When you’re searching for information for your essays, you’ll come across many sources on the Internet that you might consider using. So how do you sift out the good quality material from the less good? This article provides you with guidance on both a quick way to evaluate the quality of source material, and also how to carry out a more detailed evaluation of the information that you find, whether found on the Internet or through your learning institution’s Library resources.
In my last article ‘Finding Source Materials for your Essays‘ I mentioned that the Internet (at time of writing) is an estimated 7.74 billion web pages in size, and of course content is added freely by billions of contributors. So whatever you search for, you’re probably going to get far more results than you actually want or need. So it’s important to weed out irrelevant information.
Your first line of fire is to review the title, summary, and any words highlighted in the text. For journal articles, peer review can provide a guide to academic quality, but you should still carry out your own evaluation, to be sure the information meets your needs.
A fast way to judge the quality and relevance of the information you find on the Internet is to ask yourself three simple questions: Who? Why? When? This one’s really easy to remember! So what does that mean?
- Who – ask yourself / try to find out who put the information there (who owns the website you found it on)? What authority or expertise do they have in this area?
- Why – ask yourself why they created the site? Do the stated aims of the site match the content? Is the creator of the site coming from a particular viewpoint? For example, many pressure groups present a rather biased version of the truth on a particular topic. Their sites may contain a wealth of information but it’s important to try and form a balanced opinion based on their views and those of others.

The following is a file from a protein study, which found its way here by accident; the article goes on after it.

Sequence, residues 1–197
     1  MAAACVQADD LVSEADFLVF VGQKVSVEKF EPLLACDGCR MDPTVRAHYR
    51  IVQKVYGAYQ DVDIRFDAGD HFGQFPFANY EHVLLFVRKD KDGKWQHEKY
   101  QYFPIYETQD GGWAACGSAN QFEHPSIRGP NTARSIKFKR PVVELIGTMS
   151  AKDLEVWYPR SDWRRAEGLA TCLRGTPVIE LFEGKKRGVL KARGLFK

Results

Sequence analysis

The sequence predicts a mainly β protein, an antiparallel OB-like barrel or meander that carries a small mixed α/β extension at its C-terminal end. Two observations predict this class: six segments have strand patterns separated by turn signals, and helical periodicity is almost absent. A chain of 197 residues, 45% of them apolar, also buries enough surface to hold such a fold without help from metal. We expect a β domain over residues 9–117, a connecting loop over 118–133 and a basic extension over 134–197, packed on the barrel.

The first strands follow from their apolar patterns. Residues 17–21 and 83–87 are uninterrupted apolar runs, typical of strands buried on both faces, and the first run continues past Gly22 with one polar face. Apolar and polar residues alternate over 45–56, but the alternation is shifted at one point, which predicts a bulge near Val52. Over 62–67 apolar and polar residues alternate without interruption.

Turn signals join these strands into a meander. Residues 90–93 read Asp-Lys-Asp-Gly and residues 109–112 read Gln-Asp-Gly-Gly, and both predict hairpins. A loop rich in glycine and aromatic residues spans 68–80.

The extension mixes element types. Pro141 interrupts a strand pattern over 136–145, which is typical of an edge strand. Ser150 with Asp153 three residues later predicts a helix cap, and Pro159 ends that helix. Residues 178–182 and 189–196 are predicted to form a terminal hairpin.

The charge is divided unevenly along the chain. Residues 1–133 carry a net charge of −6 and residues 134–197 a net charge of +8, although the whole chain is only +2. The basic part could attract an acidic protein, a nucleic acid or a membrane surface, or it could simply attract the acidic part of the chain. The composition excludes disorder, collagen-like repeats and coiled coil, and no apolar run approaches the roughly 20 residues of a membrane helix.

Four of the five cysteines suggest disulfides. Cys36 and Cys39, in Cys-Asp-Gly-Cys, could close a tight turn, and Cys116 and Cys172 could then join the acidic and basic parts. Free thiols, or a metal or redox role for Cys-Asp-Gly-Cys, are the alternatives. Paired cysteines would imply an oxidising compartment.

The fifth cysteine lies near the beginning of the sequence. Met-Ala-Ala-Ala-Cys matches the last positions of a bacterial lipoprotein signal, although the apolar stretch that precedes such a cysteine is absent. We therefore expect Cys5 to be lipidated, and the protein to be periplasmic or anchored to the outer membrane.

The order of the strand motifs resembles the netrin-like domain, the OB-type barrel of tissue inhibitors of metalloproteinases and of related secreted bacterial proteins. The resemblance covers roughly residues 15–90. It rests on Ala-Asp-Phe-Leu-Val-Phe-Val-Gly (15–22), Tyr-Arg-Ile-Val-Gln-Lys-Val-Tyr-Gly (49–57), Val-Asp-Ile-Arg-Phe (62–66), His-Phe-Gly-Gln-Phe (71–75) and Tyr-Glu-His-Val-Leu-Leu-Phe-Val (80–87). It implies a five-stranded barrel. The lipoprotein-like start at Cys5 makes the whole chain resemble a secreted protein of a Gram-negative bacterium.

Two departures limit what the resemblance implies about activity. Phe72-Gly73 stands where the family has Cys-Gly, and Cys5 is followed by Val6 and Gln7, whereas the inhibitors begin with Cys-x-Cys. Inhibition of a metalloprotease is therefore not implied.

- When – how up to date is the website and when was it last updated? If the site has not been updated for a while, how important is this for your needs? For example, if you’re studying history, it may not be that important – but current affairs, more so!
Carrying out this quick easy-to-remember check should enable you to spot any obvious weaknesses in the information you are looking at, and filter out unreliable sources.
Evaluating in more depth
The mnemonic PROMPT will help you remember the following checklist which can be used to assess the relevance of information you find.
P = Presentation
Is the information that you found clearly communicated? Consider the language, layout, structure, etc.
R = Relevance
Does the information that you found match your needs right now? Look at the introduction or overview – what is it mainly about?
O = Objectivity
Is the author’s position of interest made clear? Look for an introduction or overview – do the writers state their position on the issue? Is the language emotive? Are there hidden, vested interests? Note what I said above about pressure groups – always try to reach a balanced opinion based on what you find and also the views of other sites with a differing position on the issue.
M = Method (for research reports only)
Is it clear how the data was collected? Were the methods appropriate? Do you trust it?
P = Provenance
Is it clear where the information has come from? Can you identify the authors or organisations? How was it published? Sometimes you can’t find credible sources for a particular fact – in such cases, you might want to mention the issue in your essay and comment on the credibility of what you’ve found.
T = Timeliness
Is it clear when the information was produced? Does the date of the information meet your requirements? Is it obsolete? This will be more important for some topics than others!
Adapted from: Evaluate Information, The Open University, http://www8.open.ac.uk/library/help-and-support/using-resources/evaluate-information
Always use the Who? Why? When? and PROMPT techniques to filter your information and ensure that the material you use is credible and trustworthy. Don’t forget to scan your finished essay through plagiarismchecker.net Plagiarism Checker to ensure that you haven’t accidentally included other peoples’ words without giving due credit!
More on writing essays
- Tackling your first university assignment
- Basic essay ingredients
- Preparing to write an essay
- Developing ideas for your essay
- Finding source material for your essays
- Finding sources for a better grade
- A step by step guide on how to write an effective essay
- Formatting essays
- Structuring an essay
- Rules and conventions of the English language
- Selecting the appropriate language and tone in essays
- Common mistakes in essay writing
- Writing first class essays
- Writing essays against the clock
- More essay writing tips
- Making your work stand out
- Transforming your essay from good to excellent
- Polishing your work
- Presentation masterclass
- Quick essay proofreading tips
- Proofreading and editing
- 10 things to avoid in your essay
- 10 reasons students lose marks and how to avoid them
- Using feedback to improve
- Learning from poor grades
- Questions and answers